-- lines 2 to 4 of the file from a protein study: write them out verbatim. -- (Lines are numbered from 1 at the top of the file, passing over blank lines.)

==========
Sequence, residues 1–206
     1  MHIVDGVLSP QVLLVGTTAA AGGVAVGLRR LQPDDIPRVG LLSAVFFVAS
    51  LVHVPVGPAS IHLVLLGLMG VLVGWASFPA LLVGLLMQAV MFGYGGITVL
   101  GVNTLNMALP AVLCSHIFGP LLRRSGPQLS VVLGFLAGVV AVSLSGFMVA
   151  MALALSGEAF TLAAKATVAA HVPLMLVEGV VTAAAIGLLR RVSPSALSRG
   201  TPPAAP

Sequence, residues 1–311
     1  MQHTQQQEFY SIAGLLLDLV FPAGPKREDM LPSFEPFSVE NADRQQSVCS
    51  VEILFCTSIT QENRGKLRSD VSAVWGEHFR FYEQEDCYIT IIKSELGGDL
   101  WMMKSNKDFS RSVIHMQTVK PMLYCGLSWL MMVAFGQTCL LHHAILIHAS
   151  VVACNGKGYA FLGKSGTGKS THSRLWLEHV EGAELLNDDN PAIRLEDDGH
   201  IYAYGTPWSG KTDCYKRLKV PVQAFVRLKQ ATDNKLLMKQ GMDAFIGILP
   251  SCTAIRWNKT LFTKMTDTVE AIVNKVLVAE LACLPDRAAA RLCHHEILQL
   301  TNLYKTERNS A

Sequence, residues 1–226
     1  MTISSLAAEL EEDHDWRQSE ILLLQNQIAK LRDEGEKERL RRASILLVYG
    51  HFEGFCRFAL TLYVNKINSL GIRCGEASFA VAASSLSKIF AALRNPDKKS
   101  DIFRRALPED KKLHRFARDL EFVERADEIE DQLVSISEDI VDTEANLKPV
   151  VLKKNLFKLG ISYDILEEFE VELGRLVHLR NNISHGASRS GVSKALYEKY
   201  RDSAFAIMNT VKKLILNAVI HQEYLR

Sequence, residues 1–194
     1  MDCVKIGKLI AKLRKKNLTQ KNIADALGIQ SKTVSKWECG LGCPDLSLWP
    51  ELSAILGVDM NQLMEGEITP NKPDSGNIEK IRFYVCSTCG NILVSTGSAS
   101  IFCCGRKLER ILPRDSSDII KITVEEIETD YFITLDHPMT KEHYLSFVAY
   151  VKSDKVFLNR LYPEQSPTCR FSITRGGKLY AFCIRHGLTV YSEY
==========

     1  MHIVDGVLSP QVLLVGTTAA AGGVAVGLRR LQPDDIPRVG LLSAVFFVAS
    51  LVHVPVGPAS IHLVLLGLMG VLVGWASFPA LLVGLLMQAV MFGYGGITVL
   101  GVNTLNMALP AVLCSHIFGP LLRRSGPQLS VVLGFLAGVV AVSLSGFMVA